At board meetings, Merida often asks questions about how the district's policies will affect ELL students, which is DPS's acronym for English-language learners. Though she's not alone — it's a major concern for DPS, where 31 percent of students fit that criterion, and questions about it are common — some say she's especially in touch with the issues affecting those families.
"She's great with our Spanish-speaking parents," says Amber Tafoya, an attorney and former candidate for state representative in House District 4. Whenever Tafoya heard a complaint or concern about DPS while going door-to-door during her recent primary campaign, she referred it to Merida, who she says always responded promptly.
Since the DPS school year started on August 19, Merida has attended several back-to-school nights at schools in southwest Denver, like Castro, Denison Montessori and the teacher-led Math and Science Leadership Academy. She's also dropped by West Denver Prep's Harvey Park campus, where she observed snippets of several classroom lessons with principal Josh Smith. After watching a teacher mispronounce a Hispanic student's name, Merida turned to Smith. "Are some teachers just having a hard time pronouncing some names?" she asked. "It's 'Heh-rarr-doh.' Not 'Jih-rar-doh.'"
Merida keeps a detailed calendar of her school visits on her website. In fact, she's the only boardmember with an active website. She uses it to recap board meetings and offer her opinions on DPS goings-on. Sometimes she issues calls to action there, as well: In January, she posted Boasberg's e-mail address and phone number and encouraged taxpayers to ask why 45 DPS executives received $344,565 in bonuses last year.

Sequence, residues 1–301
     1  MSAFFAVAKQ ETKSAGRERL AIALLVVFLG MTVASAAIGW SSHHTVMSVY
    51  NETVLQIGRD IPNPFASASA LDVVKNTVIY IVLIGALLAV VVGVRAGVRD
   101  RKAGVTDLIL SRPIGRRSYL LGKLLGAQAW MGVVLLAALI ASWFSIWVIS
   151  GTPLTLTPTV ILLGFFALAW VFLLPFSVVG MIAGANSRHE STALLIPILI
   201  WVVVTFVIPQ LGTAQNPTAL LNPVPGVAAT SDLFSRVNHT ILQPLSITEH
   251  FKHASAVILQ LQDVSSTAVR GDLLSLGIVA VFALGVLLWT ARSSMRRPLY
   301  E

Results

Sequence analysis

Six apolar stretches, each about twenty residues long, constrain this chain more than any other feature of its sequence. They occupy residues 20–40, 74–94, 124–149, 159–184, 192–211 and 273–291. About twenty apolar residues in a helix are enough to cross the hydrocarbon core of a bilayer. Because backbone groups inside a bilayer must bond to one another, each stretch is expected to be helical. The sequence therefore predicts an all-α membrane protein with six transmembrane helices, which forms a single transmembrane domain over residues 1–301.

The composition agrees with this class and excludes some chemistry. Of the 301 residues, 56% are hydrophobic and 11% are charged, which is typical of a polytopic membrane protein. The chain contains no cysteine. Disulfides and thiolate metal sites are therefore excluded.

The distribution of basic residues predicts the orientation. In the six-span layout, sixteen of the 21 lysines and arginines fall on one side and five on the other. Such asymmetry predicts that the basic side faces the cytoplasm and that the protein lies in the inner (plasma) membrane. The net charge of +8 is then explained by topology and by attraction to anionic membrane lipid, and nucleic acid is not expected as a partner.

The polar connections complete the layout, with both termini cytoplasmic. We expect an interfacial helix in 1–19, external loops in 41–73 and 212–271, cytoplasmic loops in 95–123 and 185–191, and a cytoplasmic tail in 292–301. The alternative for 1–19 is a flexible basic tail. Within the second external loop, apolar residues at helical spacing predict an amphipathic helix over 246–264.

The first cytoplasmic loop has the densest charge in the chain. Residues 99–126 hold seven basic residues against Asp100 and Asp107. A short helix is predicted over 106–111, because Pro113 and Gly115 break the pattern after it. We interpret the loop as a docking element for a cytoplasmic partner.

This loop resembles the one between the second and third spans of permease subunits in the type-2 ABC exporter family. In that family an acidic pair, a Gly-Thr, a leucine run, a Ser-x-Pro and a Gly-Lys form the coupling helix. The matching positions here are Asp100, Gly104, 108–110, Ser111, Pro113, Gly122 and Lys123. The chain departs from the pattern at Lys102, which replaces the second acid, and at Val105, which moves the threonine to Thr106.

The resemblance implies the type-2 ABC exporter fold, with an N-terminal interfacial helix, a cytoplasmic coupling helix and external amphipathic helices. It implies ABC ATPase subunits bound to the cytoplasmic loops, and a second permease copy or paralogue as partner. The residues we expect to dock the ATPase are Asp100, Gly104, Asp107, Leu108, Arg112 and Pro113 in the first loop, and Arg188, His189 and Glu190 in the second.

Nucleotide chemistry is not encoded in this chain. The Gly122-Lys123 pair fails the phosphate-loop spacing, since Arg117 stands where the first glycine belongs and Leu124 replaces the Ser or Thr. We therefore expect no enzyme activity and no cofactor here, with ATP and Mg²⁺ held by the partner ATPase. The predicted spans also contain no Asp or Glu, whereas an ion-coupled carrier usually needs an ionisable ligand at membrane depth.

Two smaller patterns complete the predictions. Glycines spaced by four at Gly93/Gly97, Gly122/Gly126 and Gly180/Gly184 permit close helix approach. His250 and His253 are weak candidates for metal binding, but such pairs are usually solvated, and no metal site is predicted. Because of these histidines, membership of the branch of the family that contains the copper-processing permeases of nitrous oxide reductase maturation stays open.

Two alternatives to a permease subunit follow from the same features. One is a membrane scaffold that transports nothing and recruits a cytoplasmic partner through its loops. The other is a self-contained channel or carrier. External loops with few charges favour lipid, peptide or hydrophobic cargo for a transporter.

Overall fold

She's also accessible in person. On October 4, Merida will host a town hall meeting at John F. Kennedy High School for "an open discussion about district finances, goals for the 2010-2011 school year, board dynamics...and whatever question YOU have."
"Whenever a reformer comes into DPS and tries to make a difference, they are chastised because the cliques have been formed," her father points out. "And the cliques are a bunch of 'yes' people. Somebody like my daughter, like Jeannie Kaplan, like Arturo Jimenez, they do understand, they do research. They don't just swallow what they're given."
But Merida's critics — and even some of her friends — say Merida's problem isn't what she does, but how she does it. "She is a very strong person. She fights for what she cares about," says Ferrandino, who represents Merida's district and for whom Merida worked as an aide this past legislative session. "But I think sometimes she can come across as abrasive and strong-willed."
"I'm not sure it's Andrea's advocacy for southwest Denver that's getting her in trouble," says Moss. "It's that sometimes her verbage comes off as very negative about the DPS administration, about anything previous boards have done, about anything that looks like 'reform.' It's made it difficult for her to work within the system to get what she wants done."
Some of her fellow boardmembers agree. "She's a smart lady. If she wanted to ask the hard questions, I'm sure she could," says Peña. "But asking the hard questions is not the same as asking the gotcha questions."
At meetings, Merida is prone to interrupting and raising her voice. When someone says something she disagrees with, she shakes her head or mutters under her breath. She's quick to draw battle lines, publicly referring to boardmembers Peña, Seawell, Easley and Hoyt as "the other side."